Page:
DOZENS of rescue volunteers were last week called out to Delamere Forest by the modern flare - a text message.
Gathered at the rendezvous point at 7pm on Tuesday last week, members of Cheshire Lowland Search and Rescue team speculated about what they were to face for their training exercise, but none guessed the hypothetical dis-aster awaiting them.
In a briefing they learned a plane had crashed in the forest's Black Lake and sunk, leaving four or five casualties scattered across the area.
On its way down it had clipped a minibus filled with Scouts, which veered off the road, hitting a mountain biker and two motorcyclists.
The crash involved 19 casualties played by siblings, friends and neighbours of team members each covered in injuries made with cotton wool, food colouring and Vaseline.
'I always get the most glamorous jobs,' quipped one team member's brother as he passed his second hour lying 'unconscious' on the forest floor. 'Last time I was hit by a lorry.'
Members' first aid skills were tested as groups formed to cover each crash site, assessing the condition of each casualty and calling out Cheshire St John Ambulance to treat the most serious cases.
Backup came from members of Bolton Search and Rescue team and forest rangers.
'We wanted to create a scenario that would really push them, so we combined all our memories of working in the emergency services and came up with this,' said committee member and retired Merseyside police officer, Ray Milne.
Founder member Mark Jeffers, an accident and emergency nurse who started the team two years ago, added skills learned in the exercise could be called on in real life.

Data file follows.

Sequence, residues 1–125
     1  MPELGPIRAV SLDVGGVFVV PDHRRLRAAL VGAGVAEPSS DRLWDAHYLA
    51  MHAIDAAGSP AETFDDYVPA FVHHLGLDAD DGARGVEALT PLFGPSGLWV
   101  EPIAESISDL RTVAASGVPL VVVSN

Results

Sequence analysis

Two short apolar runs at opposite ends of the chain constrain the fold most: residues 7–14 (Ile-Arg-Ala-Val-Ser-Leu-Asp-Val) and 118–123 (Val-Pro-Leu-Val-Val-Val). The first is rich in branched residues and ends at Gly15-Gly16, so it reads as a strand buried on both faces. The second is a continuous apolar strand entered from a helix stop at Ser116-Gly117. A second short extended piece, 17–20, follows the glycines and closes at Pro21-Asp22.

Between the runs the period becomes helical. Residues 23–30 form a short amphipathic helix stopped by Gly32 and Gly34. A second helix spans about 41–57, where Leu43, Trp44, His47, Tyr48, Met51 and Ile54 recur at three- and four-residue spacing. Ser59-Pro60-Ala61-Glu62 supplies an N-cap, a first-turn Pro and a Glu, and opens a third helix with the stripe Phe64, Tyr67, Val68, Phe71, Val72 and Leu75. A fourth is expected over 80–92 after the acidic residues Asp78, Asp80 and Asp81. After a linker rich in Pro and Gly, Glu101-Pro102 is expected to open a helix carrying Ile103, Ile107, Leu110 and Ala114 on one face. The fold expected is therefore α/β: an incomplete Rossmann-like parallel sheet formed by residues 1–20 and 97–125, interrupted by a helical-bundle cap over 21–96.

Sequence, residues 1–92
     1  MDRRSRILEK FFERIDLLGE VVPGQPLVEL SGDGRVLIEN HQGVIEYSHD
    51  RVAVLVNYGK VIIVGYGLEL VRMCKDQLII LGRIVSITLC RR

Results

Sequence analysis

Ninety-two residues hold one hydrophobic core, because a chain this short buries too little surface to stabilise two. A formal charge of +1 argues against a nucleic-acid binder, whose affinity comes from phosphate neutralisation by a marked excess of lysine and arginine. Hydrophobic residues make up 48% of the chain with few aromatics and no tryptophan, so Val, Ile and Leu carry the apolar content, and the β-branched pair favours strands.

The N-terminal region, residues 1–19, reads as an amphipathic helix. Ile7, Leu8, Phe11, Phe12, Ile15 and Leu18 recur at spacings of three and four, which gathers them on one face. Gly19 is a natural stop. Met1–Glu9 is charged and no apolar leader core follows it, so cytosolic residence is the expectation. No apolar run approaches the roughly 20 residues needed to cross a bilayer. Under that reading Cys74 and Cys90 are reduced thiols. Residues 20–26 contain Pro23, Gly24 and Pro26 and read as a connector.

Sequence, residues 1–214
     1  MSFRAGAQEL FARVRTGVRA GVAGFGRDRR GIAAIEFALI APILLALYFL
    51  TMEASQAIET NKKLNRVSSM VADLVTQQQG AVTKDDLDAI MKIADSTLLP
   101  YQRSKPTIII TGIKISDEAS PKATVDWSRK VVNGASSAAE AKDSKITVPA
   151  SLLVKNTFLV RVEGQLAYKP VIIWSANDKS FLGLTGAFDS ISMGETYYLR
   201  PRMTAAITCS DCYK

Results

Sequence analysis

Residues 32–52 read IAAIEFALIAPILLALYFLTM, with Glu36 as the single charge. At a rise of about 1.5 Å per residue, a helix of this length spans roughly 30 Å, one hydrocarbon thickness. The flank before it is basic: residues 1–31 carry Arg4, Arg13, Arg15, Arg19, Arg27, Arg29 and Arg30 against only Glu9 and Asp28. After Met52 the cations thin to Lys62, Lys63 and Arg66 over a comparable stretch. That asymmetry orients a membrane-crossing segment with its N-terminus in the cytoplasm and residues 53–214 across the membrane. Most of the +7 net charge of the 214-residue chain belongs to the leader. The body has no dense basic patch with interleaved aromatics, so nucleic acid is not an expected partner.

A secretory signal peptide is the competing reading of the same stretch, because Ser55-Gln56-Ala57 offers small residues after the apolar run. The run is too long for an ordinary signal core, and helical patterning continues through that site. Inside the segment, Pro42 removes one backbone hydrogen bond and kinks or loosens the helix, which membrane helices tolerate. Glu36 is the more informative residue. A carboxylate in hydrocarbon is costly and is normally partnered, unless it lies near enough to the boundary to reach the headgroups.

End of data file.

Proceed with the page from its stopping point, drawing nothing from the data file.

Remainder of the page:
'Search and rescue teams from across the UK were called out to the Lockerbie plane bombing - you have to be prepared for anything.
'We started the team after the disappearance of the 17-year-old girl Shafilea Ahmed in Warrington exposed the fact that Cheshire didn't have its own search team.'
The team now has 30 members and has already been called out 11 times this year to search for missing people.
I had a brief taste of their work when, as a 'passer-by' I was called on to aid medics with computer-operated sim-man, a startlingly lifelike training dummy usually used in hospitals.
In this case, sim-man played a motorcyclist whose leg had been cut off in the collision with the van and was losing blood.
With no medical training, I was given a crash course in how to support 'his' head and neck.
Crouching next to the body I could see the stress the volunteer medics were under as they tried to remember their training and apply it in time to save the casualty.
Add to this the fact that teams can be searching for several days in all elements and you have to wonder why they put themselves through it.
'A lot of us have jobs in the medical field and want to use those skills to help people who find themselves in difficult situations,' said Mark.
He adds: 'Other people who are working in office jobs really want to get out and do something different with their spare time and see the search and rescue team as the best way to do that.'
* Cheshire Lowland Search and Rescue Team is looking for volunteers in Cheshire aged over 18, who can walk five miles in two hours. Call 01925 723806 for more details.